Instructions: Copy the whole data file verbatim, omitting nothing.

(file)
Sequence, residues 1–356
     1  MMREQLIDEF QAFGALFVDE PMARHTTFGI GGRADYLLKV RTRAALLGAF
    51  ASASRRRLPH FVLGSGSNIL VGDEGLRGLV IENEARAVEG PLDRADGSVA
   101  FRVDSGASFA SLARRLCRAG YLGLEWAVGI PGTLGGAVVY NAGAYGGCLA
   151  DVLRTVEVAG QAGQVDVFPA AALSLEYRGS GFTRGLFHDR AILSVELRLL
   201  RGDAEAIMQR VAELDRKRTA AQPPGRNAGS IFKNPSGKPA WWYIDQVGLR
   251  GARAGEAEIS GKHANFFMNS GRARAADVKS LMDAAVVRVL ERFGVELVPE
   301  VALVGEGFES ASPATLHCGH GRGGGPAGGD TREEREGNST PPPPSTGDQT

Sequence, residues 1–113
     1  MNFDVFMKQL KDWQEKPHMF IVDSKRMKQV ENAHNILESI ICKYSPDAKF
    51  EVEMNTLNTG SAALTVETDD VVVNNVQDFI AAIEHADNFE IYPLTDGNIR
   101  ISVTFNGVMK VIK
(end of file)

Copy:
Sequence, residues 1–356
     1  MMREQLIDEF QAFGALFVDE PMARHTTFGI GGRADYLLKV RTRAALLGAF
    51  ASASRRRLPH FVLGSGSNIL VGDEGLRGLV IENEARAVEG PLDRADGSVA
   101  FRVDSGASFA SLARRLCRAG YLGLEWAVGI PGTLGGAVVY NAGAYGGCLA
   151  DVLRTVEVAG QAGQVDVFPA AALSLEYRGS GFTRGLFHDR AILSVELRLL
   201  RGDAEAIMQR VAELDRKRTA AQPPGRNAGS IFKNPSGKPA WWYIDQVGLR
   251  GARAGEAEIS GKHANFFMNS GRARAADVKS LMDAAVVRVL ERFGVELVPE
   301  VALVGEGFES ASPATLHCGH GRGGGPAGGD TREEREGNST PPPPSTGDQT

Sequence, residues 1–113
     1  MNFDVFMKQL KDWQEKPHMF IVDSKRMKQV ENAHNILESI ICKYSPDAKF
    51  EVEMNTLNTG SAALTVETDD VVVNNVQDFI AAIEHADNFE IYPLTDGNIR
   101  ISVTFNGVMK VIK